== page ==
The Mercy of Men (Book 2 of the Saint Flaherty series) by S. Hunter Nisbet by S. Hunter Nisbet - Read Online

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The Mercy of Men (Book 2 of the Saint Flaherty series) - S. Hunter Nisbet

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To the readers, and

For the bridges that never fell...



The darkness eats my eyes, little teeth tearing into my flesh. Sleep, I wish I could sleep. Just lay my head down and pray the Lord my soul to keep.

Not gonna happen.

The breathing on the pillow next to mine stutters and stops. I close my eyes and send up my own little prayer.

A snore erupts as the empty syringe tumbles out of his hand. Well. Not quite empty. How much left, exactly?

Time to go.

I don’t bother trying to dress in the dark, the hallway is good enough. Management doesn’t like us doing that, but the fuck do they know? Two minutes later, I’m down the stairs and onto the street. The night is cold enough that I’ve got my coat on, but spring is coming, of that I’m certain. I take a deep breath, draw the smells of the city into my lungs, wet pavement and garbage-can rot and the remainders of rain. This is the life I chose. Or the place, at any rate.

My eyes itch with tiredness, but I’m a long ways from home. Seventeen city blocks, to be precise. I knew that when I got my place, did it on purpose. When I’m done for the night, this walk gives me time to settle my thoughts and order them.

I need that time. This time.

A car slows down as it passes, then speeds up again. I flip it off as it goes.

Scioto City is where I live, where I belong, this hive of humans in their concrete boxes. I walk these streets and I own them.

Or do they own me?

Some days, it all feels the same.



My stuff’s piled on the curb, bedside lamp on kitchen table, clothing heaped under saucepans. The bathroom rug tops the heap, flopped over all my possessions like a drunk on a Sunday morning.

It ain’t my fucking day.

I punch the intercom button next to the apartment building’s door. The manager’s voice sounds tinny and far away, though he’s just on the other side of the wall from me. Rakavi here. Can I help you?

Yeah, you bet you can, I retort, leaning on the button now. You can tell me why the fuck my shit’s all over the sidewalk.

A short pause, a crackle. Then, Is this Simon Flaherty?

Of course it fucking well is! Who the fuck else did you throw out last night? Calm down, he won’t talk if you make a scene, even if I wanna wring Rakavi’s scrawny little neck right now. My rent’s paid up until the end of the month, so what the hell?

Another pause, this one longer as my landlord considers his words. Is it just me, or is his voice getting quieter? Your deposit will be refunded. Please take your things and leave.

This is a fucking joke. Why? I demand. "I didn’t break my rent agreement, I didn’t do anything!"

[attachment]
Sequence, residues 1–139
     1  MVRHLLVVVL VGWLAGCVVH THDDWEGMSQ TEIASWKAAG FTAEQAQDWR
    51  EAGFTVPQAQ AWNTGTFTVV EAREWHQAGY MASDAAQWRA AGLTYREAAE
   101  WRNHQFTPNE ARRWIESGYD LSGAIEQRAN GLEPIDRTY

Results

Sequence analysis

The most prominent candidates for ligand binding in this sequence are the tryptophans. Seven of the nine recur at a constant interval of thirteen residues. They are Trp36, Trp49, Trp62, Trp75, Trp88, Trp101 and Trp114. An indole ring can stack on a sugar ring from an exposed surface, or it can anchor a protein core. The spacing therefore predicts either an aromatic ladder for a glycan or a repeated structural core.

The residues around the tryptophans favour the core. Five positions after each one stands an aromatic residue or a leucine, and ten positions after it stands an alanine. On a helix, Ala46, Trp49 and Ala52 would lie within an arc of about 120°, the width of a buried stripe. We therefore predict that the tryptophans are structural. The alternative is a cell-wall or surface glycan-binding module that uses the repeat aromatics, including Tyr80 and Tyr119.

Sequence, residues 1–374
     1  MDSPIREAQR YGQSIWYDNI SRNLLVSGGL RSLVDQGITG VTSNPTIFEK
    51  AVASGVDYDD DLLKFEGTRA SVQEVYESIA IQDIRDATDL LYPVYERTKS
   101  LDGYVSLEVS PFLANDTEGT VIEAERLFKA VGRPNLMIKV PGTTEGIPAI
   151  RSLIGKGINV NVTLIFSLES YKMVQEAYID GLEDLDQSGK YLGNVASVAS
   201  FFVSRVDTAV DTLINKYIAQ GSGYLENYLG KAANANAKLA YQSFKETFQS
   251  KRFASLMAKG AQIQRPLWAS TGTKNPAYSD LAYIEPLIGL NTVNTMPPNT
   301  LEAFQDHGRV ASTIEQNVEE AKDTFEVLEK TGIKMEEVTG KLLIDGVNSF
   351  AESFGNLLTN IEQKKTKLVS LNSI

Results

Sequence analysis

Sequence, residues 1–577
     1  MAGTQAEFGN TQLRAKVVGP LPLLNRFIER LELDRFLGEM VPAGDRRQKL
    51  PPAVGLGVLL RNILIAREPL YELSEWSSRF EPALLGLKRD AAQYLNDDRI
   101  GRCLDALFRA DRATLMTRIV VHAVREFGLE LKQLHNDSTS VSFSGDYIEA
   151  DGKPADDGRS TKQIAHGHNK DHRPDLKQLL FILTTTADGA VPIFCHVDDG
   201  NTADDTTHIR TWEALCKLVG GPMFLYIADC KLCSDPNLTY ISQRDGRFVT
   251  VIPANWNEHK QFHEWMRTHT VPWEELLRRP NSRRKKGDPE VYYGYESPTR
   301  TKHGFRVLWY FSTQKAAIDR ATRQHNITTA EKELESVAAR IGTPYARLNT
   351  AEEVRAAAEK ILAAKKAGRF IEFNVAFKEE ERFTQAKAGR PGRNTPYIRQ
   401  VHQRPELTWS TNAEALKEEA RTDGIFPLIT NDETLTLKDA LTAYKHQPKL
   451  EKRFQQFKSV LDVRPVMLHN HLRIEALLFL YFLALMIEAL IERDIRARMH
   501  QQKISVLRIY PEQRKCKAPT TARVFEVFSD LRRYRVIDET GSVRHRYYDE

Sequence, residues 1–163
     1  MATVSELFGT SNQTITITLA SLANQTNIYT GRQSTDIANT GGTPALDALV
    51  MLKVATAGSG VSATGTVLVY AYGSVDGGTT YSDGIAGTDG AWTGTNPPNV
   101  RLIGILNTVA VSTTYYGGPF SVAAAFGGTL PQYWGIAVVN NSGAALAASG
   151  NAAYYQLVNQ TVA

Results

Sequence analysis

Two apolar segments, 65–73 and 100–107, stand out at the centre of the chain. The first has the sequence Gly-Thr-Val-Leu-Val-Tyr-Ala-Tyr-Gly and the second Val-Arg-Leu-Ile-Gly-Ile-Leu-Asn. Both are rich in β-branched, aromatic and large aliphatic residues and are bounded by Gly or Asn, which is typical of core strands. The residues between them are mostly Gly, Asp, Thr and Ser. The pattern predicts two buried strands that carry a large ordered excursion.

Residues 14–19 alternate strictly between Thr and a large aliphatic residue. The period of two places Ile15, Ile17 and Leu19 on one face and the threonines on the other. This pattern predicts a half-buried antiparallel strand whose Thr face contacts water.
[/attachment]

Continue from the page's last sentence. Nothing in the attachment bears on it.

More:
Everything is out there. Everything.

I survey the pile of stuff. It’d better be.

I’m very sorry about this, Simon, but please understand. The calls weren’t going through; we sort of thought you were dead. Perhaps you could try my cousin Sanjay’s building on the corner of Fourth Street and—

Fuck your cousin Sanjay, and fuck his building! I hope Rakavi’s cringing in his cushy office chair. I didn’t do anything wrong, and you know it! Nothing says I gotta tell you when I go out of town!

You’ve been gone a month and we couldn’t get ahold of you. Rakavi speaks so fast the words almost run together. And anyway, my mother doesn’t feel safe with you living here.

His mother? Why the...? I mean, I tried to say hello a couple of times, but nothing more than that. And I sure as hell never touched her, so why’s she afraid of me?

’Cause I’m big, duh. Big, tall, broad, and the scars down my arms don’t help, I’m sure. Christ. She was scared to have me living in her building, so he threw me out first chance he got, when I weren’t home and didn’t look to be coming back.

Well, what would I have done if I was him and Erin had said the same thing to me about someone?


I push the button again. All of my deposit, you said?

An envelope slides under the front door, full of cash. Yep, it’s the whole thing. I shouldn’t have yelled. Life ain’t fair, so what’s new?

I take the cash and leave my room key on the front step in its place. Some bum’s already going through my boxes. Hey!

He runs for it, but now I got a problem.

Two problems. Three problems. Christ. Why today?

I press the intercom one more time, take my voice down a notch. Look, I’m going, and I ain’t gonna make trouble. But you gotta send someone out here to guard my stuff while I’m off finding a room, or someone’s gonna steal it.

Yes. Yes, of course, right away. He sounds relieved, and a minute later Rakavi himself unlocks the door to stand guard in the cold morning air.

I set off down the street, hands in my pockets. Try to look on the bright side, though it ain’t all that shining. At least I got my deposit back, and cash from the shipment I just brought up from Buchell. I didn’t get delayed on the way, either, which is lucky, ’cause if that’d happened, I wouldn’t have had any furniture left to come back to. That’s something, I guess.

Course, it might’ve been nicer not being evicted at all.

Fourth Street is only a few blocks away, a row of crumbling red brick with tall windows rising three stories up, the way they built houses a couple hundred years ago. It don’t matter that Rakavi didn’t give me an address, ’cause there ain’t no mistaking which building belongs to his cousin; it’s the one with the big sign above the door reading SANJAY’S PLACE.